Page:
Pau Gasol's consistency rewarded with All-NBA second team selection


Pau Gasol's consistency rewarded with All-NBA second team selection

Tom Thibodeau routinely sang the praises of Pau Gasol, saying the Spaniard was a godsend and believing Gasol was the player he could most depend on.

And Gasol was rewarded for his consistency with his fourth All-NBA selection, being named as a member of the second team, along with Russell Westbrook (OKC), Chris Paul (LAC), DeMarcus Cousins (Sacramento) and LaMarcus Aldridge (Portland).

LeBron James (Cleveland), MVP Stephen Curry (Golden State), James Harden (Houston), Anthony Davis (New Orleans) and Gasol’s younger brother, Marc (Memphis), headlines the first team.

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Gasol received 15 first place votes and a total of 242 total points based on a voting scale presented to media. Gasol averaged 18.5 points and a career-high 11.8 rebounds in his 14th season, resulting in his fourth All-Star appearance.

Other than San Antonio’s Tim Duncan, who made the third team, Gasol is the oldest member of the All-NBA teams at 34 years old.

Gasol made the third team in 2008-09 and 2009-10 before making the second team in 2010-11. The first two were in seasons the Lakers won NBA championships after he was acquired from Memphis in 2008.

Coming to Chicago after the Bulls lost out in the Carmelo Anthony sweepstakes, he was believed to be a complementary piece after two struggling seasons with the Lakers where he and former coach Mike D’Antoni disagreed on how Gasol was to be used.

The Bulls beat out the Miami Heat and San Antonio Spurs for Gasol’s services, likely because they could offer more than a mid-level exception and also because the Bulls could feature Gasol in the offense.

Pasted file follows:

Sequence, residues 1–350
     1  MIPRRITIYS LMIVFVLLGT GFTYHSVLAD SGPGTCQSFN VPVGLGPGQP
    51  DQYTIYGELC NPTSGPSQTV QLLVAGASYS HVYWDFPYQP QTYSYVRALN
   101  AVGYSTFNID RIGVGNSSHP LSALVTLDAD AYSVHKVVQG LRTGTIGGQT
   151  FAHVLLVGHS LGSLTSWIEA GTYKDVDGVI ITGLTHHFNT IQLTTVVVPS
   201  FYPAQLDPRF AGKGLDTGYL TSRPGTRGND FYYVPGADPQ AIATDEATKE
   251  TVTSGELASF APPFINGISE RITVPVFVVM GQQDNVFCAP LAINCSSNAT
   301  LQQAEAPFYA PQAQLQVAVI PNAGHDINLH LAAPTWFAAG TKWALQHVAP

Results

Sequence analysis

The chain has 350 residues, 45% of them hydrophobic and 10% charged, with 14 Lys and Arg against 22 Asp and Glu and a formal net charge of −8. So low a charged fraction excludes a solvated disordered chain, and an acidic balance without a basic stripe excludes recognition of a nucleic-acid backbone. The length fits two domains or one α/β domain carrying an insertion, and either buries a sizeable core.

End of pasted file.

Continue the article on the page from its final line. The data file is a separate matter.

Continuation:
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And Gasol proved night after night he still had more to offer as a focal point offensively, helping the Bulls absorb injury-induced losses to Derrick Rose and Jimmy Butler as well as the health decline of frontcourt mate Joakim Noah.

Gasol gave the Bulls an offensive hub from the block and low post, often starting games off as the first option to get the Bulls to early leads, helping the Bulls to their best offensive season in years.

Intangibly, Gasol spoke out against the Bulls’ lack of urgency, repeatedly saying they couldn’t flip a switch to turn into the team they had visions on being.

Unfortunately, he was right as the Bulls fell short of their goal of getting to the Finals, but Gasol seemed to do his part.

His offensive rating of 112 pointers per 100 possessions was 10 points higher than last season, and his highest rating since 2012. Integrating himself into Thibodeau’s defense-first system resulted in his second-best defensive rating of allowing 101 points per 100 possessions, a marked improvement from giving up 108 and 106 the last two seasons.

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Who knows if Gasol’s 34.4 minutes per game played a part in his hamstring injury slowing him down early in the second round against the Cleveland Cavaliers, as he put together a 21-point, 10-rebound, four-assist masterpiece in the series opening win in Cleveland.

He began to feel tightness in the next game while playing just 21 minutes in their buzzer-beating Game 3 win before missing Games 4 and 5. Gasol returned for Game 6, giving the Bulls an emotional lift early that they couldn’t sustain.

But in a season full of change that will likely lead to more of it in the offseason, Gasol’s steadiness, should he sustain it at age 35 next season, could help stabilize the team next fall.

2018-19 NBA Power Rankings: Opening Week edition


2018-19 NBA Power Rankings: Opening Week edition

The theme of the 2018-19 NBA season will be: “old faces in new places”. Like a season-long game of the NBA on TNT crew’s “Who he play for?” game, this year will be about fans trying to get used to the idea of LeBron James in purple (I won’t call it ‘Forum Blue’)-and-gold, DeMarcus Cousins being on a championship-contending franchise and Kawhi Leonard being the new face of Toronto.